Locations

Armada Way
Artists: Nilbar Güreş, Tommy Støckel
The central pedestrian thoroughfare in Plymouth’s post-war city centre, constructed as part of Sir Patrick Abercrombie’s ‘Plan for Plymouth’ (1943), was envisaged as a grand “garden vista – a parkway making use, with terraces, slopes, steps, pools, avenues and other contrasting features, of the varying levels”. Today it has become a timeline of different visions of the future, from the 1950s ‘Brutalist’ architecture of post-war reconstruction to the 21st century global brand stores, along with the empty premises of Austerity Britain.

House of Fraser
Artists: Yan Wang Preston, Liu Chang
Originally called Dingles, this was the first new post-war department store anywhere in the UK, opening on 1 September 1951. It was seen as a sign of a new modern Plymouth - even having the city’s first escalator. A fifth floor was added in 1961 and then a sixth after the fire of 1988 (when it was firebombed by animal activists protesting against the sale of fur). It was recently announced that the Plymouth branch of House of Fraser will be closing in 2019.


Civic Centre
Artists: Hito Steyerl, Vermeir & Heiremans, Kiluanji Kia Henda
As part of the post-war plans to rebuild the city, Plymouth's Civic Centre was designed by city architect Hector Stirling in the International modernist style and was opened by the Queen on 26 July 1962. It is a fourteen-storey concrete and glass tower block, with a 'butterfly' roof canopy and an attached two-storey block to the north. The tower housed the offices of the various municipal departments of the city council, as Plymouth’s main administrative centre. The top storey was originally the Rooftop Restaurant, which was open to the public, but closed in 1975. By the 21st century the city council felt it was too expensive to maintain though. Plans to demolish the building were scrapped when the building became Grade II Listed in June 2007. It was eventually sold to the developers Urban Splash in 2015 for one pound, who plan to refurbish the building.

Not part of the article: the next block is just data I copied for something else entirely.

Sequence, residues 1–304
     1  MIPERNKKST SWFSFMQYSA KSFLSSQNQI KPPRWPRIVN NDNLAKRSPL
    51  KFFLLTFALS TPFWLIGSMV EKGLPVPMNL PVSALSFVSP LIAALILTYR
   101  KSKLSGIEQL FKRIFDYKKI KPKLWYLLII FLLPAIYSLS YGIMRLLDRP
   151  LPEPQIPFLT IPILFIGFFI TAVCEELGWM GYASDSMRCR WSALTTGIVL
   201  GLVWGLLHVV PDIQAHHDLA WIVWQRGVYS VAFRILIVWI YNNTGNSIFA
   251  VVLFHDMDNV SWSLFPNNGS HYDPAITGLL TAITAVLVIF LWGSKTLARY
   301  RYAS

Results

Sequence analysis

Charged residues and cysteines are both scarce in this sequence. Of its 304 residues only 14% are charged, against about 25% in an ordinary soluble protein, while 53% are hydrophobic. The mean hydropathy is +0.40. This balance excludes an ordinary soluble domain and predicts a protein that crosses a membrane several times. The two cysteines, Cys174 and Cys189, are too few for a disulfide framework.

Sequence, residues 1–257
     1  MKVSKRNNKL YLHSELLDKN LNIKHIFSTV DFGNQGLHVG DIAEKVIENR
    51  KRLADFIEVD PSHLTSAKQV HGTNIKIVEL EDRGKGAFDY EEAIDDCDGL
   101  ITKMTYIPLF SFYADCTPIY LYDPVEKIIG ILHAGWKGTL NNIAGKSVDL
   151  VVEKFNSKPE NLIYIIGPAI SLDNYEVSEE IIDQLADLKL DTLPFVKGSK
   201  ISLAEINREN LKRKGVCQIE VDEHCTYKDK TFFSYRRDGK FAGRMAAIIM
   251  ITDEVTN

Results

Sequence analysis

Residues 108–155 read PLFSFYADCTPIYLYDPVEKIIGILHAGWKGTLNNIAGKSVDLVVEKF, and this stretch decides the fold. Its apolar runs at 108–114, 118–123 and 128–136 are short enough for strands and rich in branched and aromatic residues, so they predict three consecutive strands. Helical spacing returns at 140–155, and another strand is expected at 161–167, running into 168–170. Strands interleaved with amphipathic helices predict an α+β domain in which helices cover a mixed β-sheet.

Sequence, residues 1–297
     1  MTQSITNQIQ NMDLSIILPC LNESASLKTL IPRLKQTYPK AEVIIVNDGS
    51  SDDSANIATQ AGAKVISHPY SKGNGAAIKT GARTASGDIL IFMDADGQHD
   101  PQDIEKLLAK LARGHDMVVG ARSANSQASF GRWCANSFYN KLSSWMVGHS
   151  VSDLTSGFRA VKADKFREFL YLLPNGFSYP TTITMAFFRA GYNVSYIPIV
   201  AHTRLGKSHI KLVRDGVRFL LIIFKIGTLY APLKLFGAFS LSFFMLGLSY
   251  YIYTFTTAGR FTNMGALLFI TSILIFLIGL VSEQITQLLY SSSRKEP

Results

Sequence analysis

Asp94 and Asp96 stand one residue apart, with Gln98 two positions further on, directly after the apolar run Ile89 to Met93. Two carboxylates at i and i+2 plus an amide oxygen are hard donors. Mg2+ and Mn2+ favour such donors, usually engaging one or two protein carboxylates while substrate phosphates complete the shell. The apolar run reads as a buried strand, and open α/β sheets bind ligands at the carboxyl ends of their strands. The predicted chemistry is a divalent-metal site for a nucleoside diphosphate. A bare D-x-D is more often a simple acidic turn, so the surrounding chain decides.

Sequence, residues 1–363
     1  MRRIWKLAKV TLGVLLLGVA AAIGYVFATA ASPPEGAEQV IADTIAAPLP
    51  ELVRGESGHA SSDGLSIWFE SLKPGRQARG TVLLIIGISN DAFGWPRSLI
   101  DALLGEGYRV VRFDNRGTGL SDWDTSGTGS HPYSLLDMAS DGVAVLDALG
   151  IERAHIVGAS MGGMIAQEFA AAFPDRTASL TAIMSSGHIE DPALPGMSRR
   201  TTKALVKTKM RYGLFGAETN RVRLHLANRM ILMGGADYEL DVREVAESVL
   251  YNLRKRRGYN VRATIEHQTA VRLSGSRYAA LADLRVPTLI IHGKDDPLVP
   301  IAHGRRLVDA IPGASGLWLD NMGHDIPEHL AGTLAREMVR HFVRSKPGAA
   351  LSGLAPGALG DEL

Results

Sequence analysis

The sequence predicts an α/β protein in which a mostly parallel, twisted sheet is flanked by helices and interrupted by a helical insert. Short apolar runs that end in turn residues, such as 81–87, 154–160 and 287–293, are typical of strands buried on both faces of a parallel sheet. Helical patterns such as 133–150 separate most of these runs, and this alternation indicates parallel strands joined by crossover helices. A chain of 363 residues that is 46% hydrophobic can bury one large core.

Council House
Artists: Donald Rodney
Adjoining the Civic Centre, the Council House is the seat of local government, providing a number of assembly rooms such as the Lord Mayor’s Parlour and Reception Room as well as the Council Chamber and committee rooms. Opened by the Queen in 1962, the Council House is a prominent example of 1960’s post-war modernist architecture, built from Portland stone and local Plymouth limestone.


The Dome

Artists: Shezad Dawood
Plymouth Dome was built in 1988 as a new museum and tourist attraction, with a variety of themed galleries covering the history of Plymouth, as well as two observation galleries overlooking Plymouth Sound. The Queen visited the building on 20 July 1988, unveiling a plaque to commemorate the 400th anniversary of the defeat of the Spanish Armada. The museum operated from 1989 to 2006, when it was closed by the city council due to falling visitor numbers. It re-opened as a restaurant in 2013.


Drakes Island

Artists: Postcommodity
Situated in Plymouth Sound, this 6.5-acre island has hosted a military fortification since at least the Tudor period. It was from here that Francis Drake set sail in 1577, returning in 1580 having circumnavigated the world. In 1583 Drake was made governor of the island. Following WWII Drakes Island remained under the administration of the War Office. Plymouth City Council obtained a lease from the Crown in 1963, establishing a youth adventure training centre which operated until 1989. In 1995, Drakes Island was put up for sale by the Crown Estate, and it was acquired privately for £384,000, with plans to turn it into a hotel complex. However, planning consent was only finally granted in April 2017, and in the meantime the island has remained out of bounds to the public.


Millennium Building
Artists: Ryoji Ikeda, Carl Slater